1. Additional tips on better self-editing (David Sheets, SPJ): “Blame this boom in boo-boos on the ease of electronic publishing, which has reduced the gap between writing and marketing to a barely perceptible slit and goads us into stream-of-consciousness creativity. We are all just a keystroke away from fame and fortune, we’d like to think. Thus, we’re inclined to rush the process.”
2. R-E-S-P-E-C-T isn’t free (Kristen Lamb): “I am here merely to help you use this tool called social media in the most time-effective way, because the best thing you can do to become a successful author or even a brand is to write more books. Write as many books as you can! Good books.”
3. I wrote a five year plan (and you can, too) (Simple Mom): “Our plan is dreaming big, but it’s also possible.”
4. The Internist: Letting Your Reader Inside Your Protagonist (Ruby Slippered Sisterhood): “That skating-over-the-surface style – which can be expedient in a first draft when you have plots to figure out – can be downright lazy in a final work. (And I’m not just pointing fingers here, I’m just as guilty of lazy writing as the next scribbler. But if we are aware of the areas we short-shrifted the reader, we are better able to add an extra level of shine to our finished works. Here are some tips to take your reader deeper.”
5. Five reasons to keep writing (James Killick): “We’ve all been there – staring at a blank page wondering what the hell we’re going to write on it, or worse, why the hell we’re even trying in the first place. A novel or a play can take years of effort and without recognition or appreciation sometimes writing the thing can start to feel like a waste of a good life. Sometimes it’s hard to remember why you do it. Here are some reminders.”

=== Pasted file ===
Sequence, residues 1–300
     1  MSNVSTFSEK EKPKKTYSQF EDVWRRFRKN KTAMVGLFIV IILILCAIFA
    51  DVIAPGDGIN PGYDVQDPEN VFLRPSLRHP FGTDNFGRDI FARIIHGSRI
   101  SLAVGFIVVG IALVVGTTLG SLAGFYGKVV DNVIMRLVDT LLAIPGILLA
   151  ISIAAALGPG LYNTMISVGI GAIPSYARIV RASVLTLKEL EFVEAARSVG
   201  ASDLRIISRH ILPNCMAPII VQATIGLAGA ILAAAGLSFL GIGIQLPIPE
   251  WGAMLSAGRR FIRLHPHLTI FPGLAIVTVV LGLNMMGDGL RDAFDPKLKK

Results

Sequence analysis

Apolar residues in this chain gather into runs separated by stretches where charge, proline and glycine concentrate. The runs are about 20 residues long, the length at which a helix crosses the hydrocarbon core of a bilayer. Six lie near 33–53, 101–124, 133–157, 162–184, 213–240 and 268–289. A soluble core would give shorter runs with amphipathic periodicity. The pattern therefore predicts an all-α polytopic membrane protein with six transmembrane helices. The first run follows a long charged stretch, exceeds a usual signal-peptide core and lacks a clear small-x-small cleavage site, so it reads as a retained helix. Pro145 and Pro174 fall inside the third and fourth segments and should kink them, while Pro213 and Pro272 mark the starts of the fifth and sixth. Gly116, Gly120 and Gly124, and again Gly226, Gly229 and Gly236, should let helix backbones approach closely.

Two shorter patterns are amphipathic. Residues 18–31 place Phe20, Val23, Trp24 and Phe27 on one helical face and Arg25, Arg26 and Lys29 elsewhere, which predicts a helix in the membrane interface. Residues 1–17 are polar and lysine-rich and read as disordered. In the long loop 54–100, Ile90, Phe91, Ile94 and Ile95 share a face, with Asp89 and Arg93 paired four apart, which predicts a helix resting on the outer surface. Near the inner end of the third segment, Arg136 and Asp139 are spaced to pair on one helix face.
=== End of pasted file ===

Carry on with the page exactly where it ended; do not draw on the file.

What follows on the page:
1. Characterization and the kitchen sink (Seven Sassy Sisters): “Knowing the characters we create is key to a well-plotted and emotional story. I have a character sheet generated from different classes I took to help me create my hero and heroine. But, to be honest, most of the information didn’t appeal to the “I like things quirky” in me….So, I sit my character in a chair beside me and I ask him: ‘How do you load your dishwasher?'”
2. Write, Damnit
(GradHacker): “My first post was August 2010, and I’ve written almost two posts per week since then, coming to a grand total of 180 posts to date. The posts are about 600 to 800 words long depending on the length of the journal article or my opinion. It used to take me about two hours two write that many words. Now it’s about an hour, and the posts always range on the longer end of the spectrum. I honestly didn’t realize until recently the writing benefits that I had been getting from an activity I consider to be a hobby. I now have the power to sit down at my computer and pound out 800 words with little difficulty.”
3. Living Loud. Living NOW
(Pam Asberry): “I have stopped flogging myself in penance for things I cannot change; I have stopped asking myself, “what if?” Instead of imagining a future fraught with loneliness and peril – always the default; why don’t we envision futures filled with unicorns and rainbows? – I choose to focus on the many blessings I have in right here, right now. Yesterday is gone; I have little, if any, control over much of what is yet to be – besides, of course, what I can do in the present moment. And I’m going to play that moment for all it’s worth.”